A not-so-common engine design – yet

Tighter emissions rules lead OEMs to an old idea- by John Baxter


Diesel engineers know increased pressure cuts particulate matter. Now, as engine manufacturers cope with the need to use high levels of exhaust gas recirculation (EGR) for NOx control, having the best possible injection system performance is more important than ever.

“With unit injectors, the rpm-pressure relationship is strictly linear,” says Tim Shick, director of business and product strategy at International Truck and Engine Corp. This means that as the engine slows down, the pumping rate in real time, along with the pressure, drops precipitously. If injection pressure is 32,000 psi at 1,800 rpm, it will drop to less than 20,000 psi at 1,100 rpm.

Shick says that even with Navistar’s decision to use enhanced EGR to meet the U.S. Environmental Protection Agency’s tighter 2010 emissions standards, “We are going to hold the line on soot.” The biggest single contributor to that ability, he says, is high-pressure common-rail injection.

“We won’t just be increasing the amount of exhaust going into the cylinder,” Shick says. “When we are increasing the EGR rate, we are increasing the injection pressure at the same time. Injection pressure equalizes the soot production.”

The present system on the MaxxForce Big Bore 11- and 13-liter engines produces in the range of 26,000 psi, but for 2010, the pressure will be more than 30,000 psi. Shick says it’s important to keep in-cylinder soot from increasing so that oil change intervals won’t shorten. With high-pressure common-rail injection, “You get 30,000 psi right after startup, at 800 rpm,” he says.

Common rail substitutes a large-diameter high-pressure pipe – which Shick refers to as “an accumulator” – and a high-pressure piston pump for the barrel and plunger of the unit injector. The pump is gear-driven off the crankshaft and keeps the rail full at the desired pressure, under ECM control. The pump has sufficient capacity to keep the rail at the desired pressure even at low rpm. Unused fuel is bypassed, but that amount is small, Shick says.

Common rail is an old idea that goes back to Rudolf Diesel’s original work. “In the past, the materials and science necessary to build such high-pressure common-rail systems did not exist,” Shick says. One of these problems was the need for the high-pressure piping needed to carry extreme pressure all around the engine, which was not available – hence the industry’s development of steadily improving unit injectors over the years.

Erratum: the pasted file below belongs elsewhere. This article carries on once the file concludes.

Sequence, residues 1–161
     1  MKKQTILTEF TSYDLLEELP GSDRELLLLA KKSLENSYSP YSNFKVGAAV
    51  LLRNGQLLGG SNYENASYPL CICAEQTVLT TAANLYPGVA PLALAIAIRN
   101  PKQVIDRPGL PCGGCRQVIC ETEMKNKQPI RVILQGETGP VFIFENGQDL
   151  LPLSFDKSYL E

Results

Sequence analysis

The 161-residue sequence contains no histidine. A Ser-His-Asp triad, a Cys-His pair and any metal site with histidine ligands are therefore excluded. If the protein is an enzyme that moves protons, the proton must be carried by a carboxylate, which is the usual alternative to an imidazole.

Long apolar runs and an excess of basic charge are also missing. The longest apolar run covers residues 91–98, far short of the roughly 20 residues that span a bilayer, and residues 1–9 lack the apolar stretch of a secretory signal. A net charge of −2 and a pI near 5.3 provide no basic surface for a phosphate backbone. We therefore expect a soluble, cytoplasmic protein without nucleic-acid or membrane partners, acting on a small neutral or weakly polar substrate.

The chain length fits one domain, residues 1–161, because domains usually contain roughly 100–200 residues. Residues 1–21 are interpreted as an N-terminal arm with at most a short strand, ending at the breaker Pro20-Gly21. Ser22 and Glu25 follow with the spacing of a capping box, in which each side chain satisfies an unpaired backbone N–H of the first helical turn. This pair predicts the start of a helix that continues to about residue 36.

Detroit Diesel says it actually side-stepped the piping problem; its ACRS Amplified Common Rail System used on the DD15 sends low-pressure fuel around the engine, then amplifies it to desired levels for injection using a double-ended piston near each injector. Fuel is pumped up to 13,000 psi by the fuel pump and then injected at 32,000 psi, with up to five injections per cycle, says Keith Harrington, Freightliner Trucks’ product manager. “These are not the engines of yesterday,” Harrington says. “The torque band starts at just past 1,000 rpm, and extends for 600 rpm instead of the old 300-rpm window.”

Detroit Diesel says it also substituted an energy-recycling turbo-compounding system on its DD15 for the variable geometry normally used to build backpressure for the EGR system.
Another part of International’s recipe, according to Shick, is the use of twin turbos of different sizes with what he calls “interstage cooling,” a charge-air cooler between the bigger and smaller turbos, along with the one right before the engine. A circuit of cool engine coolant will be the cooling medium for charge air. Such a system is able to get more air into the engine at a lower temperature because of more efficient charge-air cooling, Shick says.

Steve Charlton, Cummins’ director of heavy-duty engineering, stressed the company’s use of its new XPI high-pressure common-rail system as a way to allow the engine to gracefully swallow exhaust without increasing cylinder pressure. Advanced combustion chamber design, as well as the XPI system’s ability to produce high-injection pressure at low rpm, means less air is needed for soot control than with unit injectors, keeping peak cylinder pressures at moderate levels.

What are the maintenance implications of common rail? Paul Bandoly, Wix Filters’ manager of technical services and customer training, agrees with Shick and Harrington in that ultra-fine filtration still is needed. A common-rail injection pump still must run at close tolerances to produce the extreme pressure without internal leakage or horsepower waste, Shick says. The MaxxForce Big Bore engines will come standard with a Davco Fuel Pro 382 fuel processor with 50-micron filter element as a primary filter, while the engine-mounted fuel module will feature a 3-5 micron filter cartridge element.

Troubleshooting will be done mostly via software that runs on a laptop PC. Diagnostic codes will be read out of the engine ECM. The onboard diagnostics will be sophisticated enough to readily detect injector or pump or pressure regulation problems.

One job that will be gone forever with common rail will be setting unit injectors when running the overheads; there also will be no more repairs of highly stressed injector rockers. Camshafts and their geartrains will be smaller and simpler and will work under much less stress, experts say; on the ISX, the beefy injector camshaft reportedly will go away altogether. Shick says this not only reduces weight, but also cuts parasitic losses for the injection system, saving fuel and increasing payload.